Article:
President Trump voiced his support for the protests, tweeting, “The Governor of Michigan should give a little, and put out the fire. These are very good people, but they are angry. They want their lives back again, safely! See them, talk to them, make a deal.”

More protests took place today in Chicago, Raleigh, Los Angeles, and Sacramento.

“I prefer dangerous freedom over peaceful tyranny,” read one protester’s sign outside the California State Capitol in Sacramento.

And even more protests all over the country are scheduled for this weekend.

bookmark_borderBrazilian President Jair Bolsonaro voices support for anti-lockdown protests

Adding his voice to the chorus of opposition to authoritarian lockdown policies is the President of Brazil, Jair Bolsonaro. Outside the army headquarters in Brasilia, President Bolsonaro denounced the stay-at-home orders imposed by Brazil’s state governors as “dictatorial.” He praised those who have been protesting against these measures, calling them “patriots” who are fighting for individual rights.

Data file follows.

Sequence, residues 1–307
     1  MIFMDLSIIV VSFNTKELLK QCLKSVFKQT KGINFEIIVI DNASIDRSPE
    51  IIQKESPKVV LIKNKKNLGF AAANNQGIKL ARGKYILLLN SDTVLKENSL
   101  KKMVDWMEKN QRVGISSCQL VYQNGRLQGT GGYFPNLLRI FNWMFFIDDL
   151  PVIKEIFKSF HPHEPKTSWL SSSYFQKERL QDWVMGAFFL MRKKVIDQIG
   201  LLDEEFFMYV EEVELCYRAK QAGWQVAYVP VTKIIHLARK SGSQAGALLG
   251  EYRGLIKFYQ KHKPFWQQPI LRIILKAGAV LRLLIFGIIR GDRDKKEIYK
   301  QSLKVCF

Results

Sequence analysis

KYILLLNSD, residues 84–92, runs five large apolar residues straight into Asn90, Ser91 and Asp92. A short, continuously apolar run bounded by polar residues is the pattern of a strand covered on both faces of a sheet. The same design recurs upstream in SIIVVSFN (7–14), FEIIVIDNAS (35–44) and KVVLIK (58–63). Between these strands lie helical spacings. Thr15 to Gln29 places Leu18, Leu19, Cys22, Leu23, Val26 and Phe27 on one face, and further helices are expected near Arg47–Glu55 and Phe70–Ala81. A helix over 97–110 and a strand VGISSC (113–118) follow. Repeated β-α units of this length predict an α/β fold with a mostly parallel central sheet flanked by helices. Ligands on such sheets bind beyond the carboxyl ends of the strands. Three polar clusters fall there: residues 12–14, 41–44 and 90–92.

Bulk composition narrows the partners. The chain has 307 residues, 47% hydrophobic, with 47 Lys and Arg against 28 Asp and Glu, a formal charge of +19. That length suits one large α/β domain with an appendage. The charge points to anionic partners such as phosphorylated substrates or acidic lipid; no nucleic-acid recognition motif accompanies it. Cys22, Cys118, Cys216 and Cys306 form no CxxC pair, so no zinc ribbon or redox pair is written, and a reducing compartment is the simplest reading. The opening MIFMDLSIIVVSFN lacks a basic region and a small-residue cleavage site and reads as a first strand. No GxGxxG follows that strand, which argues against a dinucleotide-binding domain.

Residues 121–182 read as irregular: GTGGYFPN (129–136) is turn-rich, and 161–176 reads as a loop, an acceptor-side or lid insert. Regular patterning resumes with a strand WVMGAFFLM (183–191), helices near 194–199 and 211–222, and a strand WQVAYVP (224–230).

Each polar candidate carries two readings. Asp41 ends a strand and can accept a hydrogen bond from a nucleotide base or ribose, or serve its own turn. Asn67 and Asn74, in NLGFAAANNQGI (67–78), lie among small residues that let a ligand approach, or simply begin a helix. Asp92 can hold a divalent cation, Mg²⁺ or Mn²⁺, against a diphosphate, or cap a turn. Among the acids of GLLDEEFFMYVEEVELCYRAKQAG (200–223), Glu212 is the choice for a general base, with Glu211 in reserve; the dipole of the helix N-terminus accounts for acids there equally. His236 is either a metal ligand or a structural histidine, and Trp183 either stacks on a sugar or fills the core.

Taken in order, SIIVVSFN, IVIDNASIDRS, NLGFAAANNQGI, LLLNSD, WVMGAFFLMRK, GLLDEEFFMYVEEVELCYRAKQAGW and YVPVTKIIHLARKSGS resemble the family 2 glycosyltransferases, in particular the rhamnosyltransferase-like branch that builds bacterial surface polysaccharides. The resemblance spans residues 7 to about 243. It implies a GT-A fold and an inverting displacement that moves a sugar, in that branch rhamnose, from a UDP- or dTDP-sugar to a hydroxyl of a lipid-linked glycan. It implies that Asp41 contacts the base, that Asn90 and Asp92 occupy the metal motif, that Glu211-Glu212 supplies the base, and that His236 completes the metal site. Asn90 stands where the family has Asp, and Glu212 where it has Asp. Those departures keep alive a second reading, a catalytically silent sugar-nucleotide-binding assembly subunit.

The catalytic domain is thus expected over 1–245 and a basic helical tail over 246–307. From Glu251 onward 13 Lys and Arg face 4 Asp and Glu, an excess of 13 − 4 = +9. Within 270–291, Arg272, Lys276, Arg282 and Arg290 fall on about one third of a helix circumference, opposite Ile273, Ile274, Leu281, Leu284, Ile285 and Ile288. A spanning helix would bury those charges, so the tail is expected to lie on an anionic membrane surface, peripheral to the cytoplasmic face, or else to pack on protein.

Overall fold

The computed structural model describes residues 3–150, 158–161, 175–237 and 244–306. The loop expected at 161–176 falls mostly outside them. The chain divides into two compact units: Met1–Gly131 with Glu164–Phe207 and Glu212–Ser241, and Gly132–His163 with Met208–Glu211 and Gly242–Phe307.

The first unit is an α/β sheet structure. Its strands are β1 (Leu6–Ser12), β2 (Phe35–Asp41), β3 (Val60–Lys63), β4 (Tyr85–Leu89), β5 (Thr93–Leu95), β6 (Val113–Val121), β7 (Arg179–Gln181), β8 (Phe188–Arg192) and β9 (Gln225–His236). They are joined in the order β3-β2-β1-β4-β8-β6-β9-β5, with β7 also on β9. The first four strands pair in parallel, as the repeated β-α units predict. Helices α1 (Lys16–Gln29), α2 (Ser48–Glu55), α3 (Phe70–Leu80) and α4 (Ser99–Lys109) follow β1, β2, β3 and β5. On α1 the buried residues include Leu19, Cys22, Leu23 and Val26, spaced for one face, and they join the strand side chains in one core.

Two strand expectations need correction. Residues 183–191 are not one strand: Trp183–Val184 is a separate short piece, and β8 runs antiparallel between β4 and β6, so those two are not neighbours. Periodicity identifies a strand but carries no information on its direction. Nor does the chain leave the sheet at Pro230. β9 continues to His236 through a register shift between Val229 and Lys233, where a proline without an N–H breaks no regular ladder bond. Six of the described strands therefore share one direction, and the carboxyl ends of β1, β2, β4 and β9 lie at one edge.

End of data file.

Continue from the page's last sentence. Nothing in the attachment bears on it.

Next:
Earlier this month, the New York Times called Bolsonaro “the sole major world leader continuing to question the merits of lockdown measures to fight the pandemic.” Facebook, Twitter, and Instagram went so far as to delete posts made by Bolsonaro, deeming them to be endangering public health.

“The collateral effects of the measures to fight the coronavirus cannot be cannot be worse than the actual illness,” Bolsonaro said.

It makes me feel more optimistic about humanity to know that at least one world leader is speaking out against the attitude of safety at all costs that so many governments have espoused in response to the coronavirus. Pandemic or no pandemic, individual rights matter. Thank you, President Bolsonaro, for taking this courageous stance.

bookmark_borderPelosi calls anti-lockdown protests “unfortunate”